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Trump’s Chatter Leads to Warning from the Judge


In a scene that could rival any daytime courtroom drama, former President Donald Trump found himself on the brink of being shown the courtroom door – not for his infamous tweets, but for his less-than-silent mutterings during a civil defamation trial against him. It seems even in the courtroom, Mr. Trump couldn’t resist sharing his thoughts, albeit in a not-so-whispered manner.

The stage was set in the court of U.S. District Judge Lewis Kaplan, a veteran of the bench since 1994. The plot thickened when Trump, seated at the defense table, began muttering comments like “it’s a witch hunt” and “it really is a con job” – echoing sentiments he’s shared publicly about the case. It’s like he forgot that inside voices exist, or that courtrooms aren’t the best places for editorial commentary.

Judge Kaplan, apparently not a fan of unsolicited side notes, issued a stern warning: “Mr. Trump, I hope I don’t have to consider excluding you from the trial.” To which Trump, in a move that could make scriptwriters envious, threw up his hands and exclaimed, “I would love it. I would love it.” The judge, clearly not amused, shot back with a quip worthy of a sitcom: “You just can’t control yourself in this circumstance, apparently.”

The case, brought by writer E. Jean Carroll, accuses Trump of defamation over derogatory comments he made about her. This wasn’t Trump’s first rodeo with Carroll in court – a previous jury awarded her $5 million in damages after finding that Trump sexually abused and defamed her. However, this time around, Trump opted for a front-row seat to the legal theatrics.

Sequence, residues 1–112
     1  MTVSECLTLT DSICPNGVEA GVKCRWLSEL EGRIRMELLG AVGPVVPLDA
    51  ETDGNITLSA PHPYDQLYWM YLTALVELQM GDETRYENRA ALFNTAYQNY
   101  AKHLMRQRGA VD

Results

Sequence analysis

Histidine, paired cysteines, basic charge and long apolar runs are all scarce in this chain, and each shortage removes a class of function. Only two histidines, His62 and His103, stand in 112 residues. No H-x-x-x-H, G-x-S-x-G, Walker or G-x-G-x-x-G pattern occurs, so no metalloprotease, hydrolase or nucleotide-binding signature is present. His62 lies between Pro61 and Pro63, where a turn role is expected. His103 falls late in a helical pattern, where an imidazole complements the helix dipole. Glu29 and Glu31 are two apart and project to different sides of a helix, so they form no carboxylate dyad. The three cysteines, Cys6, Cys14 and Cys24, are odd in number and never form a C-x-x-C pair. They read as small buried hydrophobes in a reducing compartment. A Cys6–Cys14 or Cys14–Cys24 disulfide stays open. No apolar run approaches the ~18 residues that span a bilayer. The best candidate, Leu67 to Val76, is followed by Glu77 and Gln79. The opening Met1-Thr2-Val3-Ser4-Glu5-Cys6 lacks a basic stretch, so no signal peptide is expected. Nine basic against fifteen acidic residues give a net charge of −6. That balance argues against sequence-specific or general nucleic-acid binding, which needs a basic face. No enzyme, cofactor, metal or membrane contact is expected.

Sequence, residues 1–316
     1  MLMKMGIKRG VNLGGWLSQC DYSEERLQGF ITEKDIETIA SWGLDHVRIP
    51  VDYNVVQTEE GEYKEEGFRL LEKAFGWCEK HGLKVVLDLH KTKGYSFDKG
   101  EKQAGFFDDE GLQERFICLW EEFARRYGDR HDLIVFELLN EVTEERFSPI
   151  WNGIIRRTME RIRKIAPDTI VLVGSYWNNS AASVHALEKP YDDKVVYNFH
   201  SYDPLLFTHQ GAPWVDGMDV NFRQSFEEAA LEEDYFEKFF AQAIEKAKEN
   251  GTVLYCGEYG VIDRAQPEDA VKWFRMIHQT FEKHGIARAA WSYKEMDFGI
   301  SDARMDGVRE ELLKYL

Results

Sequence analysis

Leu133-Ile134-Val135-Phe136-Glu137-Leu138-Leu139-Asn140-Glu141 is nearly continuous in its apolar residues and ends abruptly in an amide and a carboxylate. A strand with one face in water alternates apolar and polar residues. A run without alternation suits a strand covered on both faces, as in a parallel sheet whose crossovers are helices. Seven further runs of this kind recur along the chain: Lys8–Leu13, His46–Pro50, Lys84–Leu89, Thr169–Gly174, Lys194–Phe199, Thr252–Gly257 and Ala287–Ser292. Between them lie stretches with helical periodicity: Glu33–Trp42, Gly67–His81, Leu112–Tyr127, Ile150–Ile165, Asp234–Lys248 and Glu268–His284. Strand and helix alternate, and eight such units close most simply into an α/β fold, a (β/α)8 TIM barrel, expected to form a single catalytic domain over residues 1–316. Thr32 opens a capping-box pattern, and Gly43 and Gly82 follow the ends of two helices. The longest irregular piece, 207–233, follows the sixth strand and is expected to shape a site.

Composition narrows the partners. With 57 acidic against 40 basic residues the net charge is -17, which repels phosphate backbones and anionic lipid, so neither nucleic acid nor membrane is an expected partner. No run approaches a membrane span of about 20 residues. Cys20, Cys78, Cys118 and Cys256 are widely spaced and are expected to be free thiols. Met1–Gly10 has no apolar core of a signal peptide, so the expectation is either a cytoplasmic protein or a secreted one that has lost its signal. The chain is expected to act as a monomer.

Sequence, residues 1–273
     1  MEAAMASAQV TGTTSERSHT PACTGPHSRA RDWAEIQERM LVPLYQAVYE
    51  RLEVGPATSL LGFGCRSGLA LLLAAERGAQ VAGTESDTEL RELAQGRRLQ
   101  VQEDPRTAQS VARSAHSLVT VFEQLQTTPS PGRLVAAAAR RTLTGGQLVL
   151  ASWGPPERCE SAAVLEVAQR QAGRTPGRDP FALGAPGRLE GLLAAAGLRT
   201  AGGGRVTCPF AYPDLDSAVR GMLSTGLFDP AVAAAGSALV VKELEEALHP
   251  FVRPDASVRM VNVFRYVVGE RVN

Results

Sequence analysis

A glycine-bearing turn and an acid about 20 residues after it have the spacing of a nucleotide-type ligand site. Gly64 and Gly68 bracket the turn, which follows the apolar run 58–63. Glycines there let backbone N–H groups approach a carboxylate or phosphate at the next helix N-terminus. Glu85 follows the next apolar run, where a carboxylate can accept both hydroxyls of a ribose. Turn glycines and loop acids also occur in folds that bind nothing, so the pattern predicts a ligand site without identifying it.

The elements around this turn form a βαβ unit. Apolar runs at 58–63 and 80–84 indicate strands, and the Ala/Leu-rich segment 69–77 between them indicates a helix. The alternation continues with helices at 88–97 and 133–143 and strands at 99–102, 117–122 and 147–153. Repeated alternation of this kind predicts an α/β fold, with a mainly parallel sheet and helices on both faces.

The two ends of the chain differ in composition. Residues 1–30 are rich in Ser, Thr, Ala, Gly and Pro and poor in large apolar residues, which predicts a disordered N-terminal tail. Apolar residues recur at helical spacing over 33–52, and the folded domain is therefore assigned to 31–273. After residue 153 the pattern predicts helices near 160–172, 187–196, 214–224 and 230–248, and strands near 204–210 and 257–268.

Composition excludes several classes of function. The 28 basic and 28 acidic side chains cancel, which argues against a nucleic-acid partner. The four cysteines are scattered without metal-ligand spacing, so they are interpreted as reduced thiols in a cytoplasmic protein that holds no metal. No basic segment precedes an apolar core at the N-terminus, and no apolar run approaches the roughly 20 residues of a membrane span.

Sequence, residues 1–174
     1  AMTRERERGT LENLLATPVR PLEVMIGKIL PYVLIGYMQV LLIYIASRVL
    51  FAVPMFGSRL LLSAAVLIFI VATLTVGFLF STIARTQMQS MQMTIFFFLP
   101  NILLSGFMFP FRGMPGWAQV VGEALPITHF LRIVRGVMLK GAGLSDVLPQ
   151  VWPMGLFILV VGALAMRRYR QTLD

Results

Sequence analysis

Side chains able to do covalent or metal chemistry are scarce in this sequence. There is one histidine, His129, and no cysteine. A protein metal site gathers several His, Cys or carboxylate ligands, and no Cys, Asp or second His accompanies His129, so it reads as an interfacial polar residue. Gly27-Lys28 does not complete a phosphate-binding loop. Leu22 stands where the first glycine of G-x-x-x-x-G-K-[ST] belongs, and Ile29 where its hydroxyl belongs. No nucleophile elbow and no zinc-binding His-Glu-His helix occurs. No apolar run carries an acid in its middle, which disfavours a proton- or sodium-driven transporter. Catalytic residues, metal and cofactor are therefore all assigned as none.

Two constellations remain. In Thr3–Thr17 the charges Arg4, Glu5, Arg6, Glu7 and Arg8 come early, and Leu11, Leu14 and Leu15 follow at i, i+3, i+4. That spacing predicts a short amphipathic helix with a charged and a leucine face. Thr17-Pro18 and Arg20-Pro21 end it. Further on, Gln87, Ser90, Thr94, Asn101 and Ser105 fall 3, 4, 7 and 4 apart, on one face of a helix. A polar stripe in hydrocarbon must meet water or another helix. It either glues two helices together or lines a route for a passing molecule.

After a lunch break (presumably not catered by Trump Grill), one of Trump’s lawyers, Michael Madaio, requested Judge Kaplan to recuse himself, citing “general hostility” toward the defense. Kaplan’s response? A succinct “Denied.”

Meanwhile, Carroll testified about how Trump’s comments affected her, saying she went from being known as a writer to being labeled a liar and a “whack job.” Talk about a career shift! She also addressed the barrage of derogatory social media comments she received, adding a touch of dark humor with: “It makes it hard for a girl to get up in the morning.”

As the trial continued, Trump’s social media activity didn’t take a back seat. He kept up his digital denigration of Kaplan and the case, calling it a “hoax” and other choice terms, proving that in the world of Trump, the show must go on – even in court.

Trump’s attorney, Alina Habba, suggested Carroll enjoyed the attention from her allegations, painting her as a publicity-seeker. Carroll retorted that speaking up was important to show that women can win trials and shouldn’t be silenced – a mic-drop moment if there ever was one.

In a trial that’s part legal proceeding, part reality TV, and all drama, one thing is clear: the courthouse has become the latest stage for the ongoing saga of Donald Trump. Whether he’s in the Oval Office or the defendant’s seat, Trump ensures there’s never a dull moment. Stay tuned for the next episode in this legal soap opera – same Trump-time, same Trump-channel.